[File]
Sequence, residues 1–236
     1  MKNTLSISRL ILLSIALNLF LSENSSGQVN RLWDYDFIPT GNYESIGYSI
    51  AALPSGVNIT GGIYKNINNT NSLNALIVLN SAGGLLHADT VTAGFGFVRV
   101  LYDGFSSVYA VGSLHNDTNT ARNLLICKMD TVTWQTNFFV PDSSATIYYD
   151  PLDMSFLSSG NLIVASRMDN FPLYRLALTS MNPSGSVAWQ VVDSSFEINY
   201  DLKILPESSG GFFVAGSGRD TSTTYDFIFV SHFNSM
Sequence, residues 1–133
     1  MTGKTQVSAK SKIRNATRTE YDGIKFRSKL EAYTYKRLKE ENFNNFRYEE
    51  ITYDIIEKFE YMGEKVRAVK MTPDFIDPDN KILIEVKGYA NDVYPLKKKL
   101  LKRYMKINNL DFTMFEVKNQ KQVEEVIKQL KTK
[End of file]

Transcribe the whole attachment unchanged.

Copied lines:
Sequence, residues 1–236
     1  MKNTLSISRL ILLSIALNLF LSENSSGQVN RLWDYDFIPT GNYESIGYSI
    51  AALPSGVNIT GGIYKNINNT NSLNALIVLN SAGGLLHADT VTAGFGFVRV
   101  LYDGFSSVYA VGSLHNDTNT ARNLLICKMD TVTWQTNFFV PDSSATIYYD
   151  PLDMSFLSSG NLIVASRMDN FPLYRLALTS MNPSGSVAWQ VVDSSFEINY
   201  DLKILPESSG GFFVAGSGRD TSTTYDFIFV SHFNSM
Sequence, residues 1–133
     1  MTGKTQVSAK SKIRNATRTE YDGIKFRSKL EAYTYKRLKE ENFNNFRYEE
    51  ITYDIIEKFE YMGEKVRAVK MTPDFIDPDN KILIEVKGYA NDVYPLKKKL
   101  LKRYMKINNL DFTMFEVKNQ KQVEEVIKQL KTK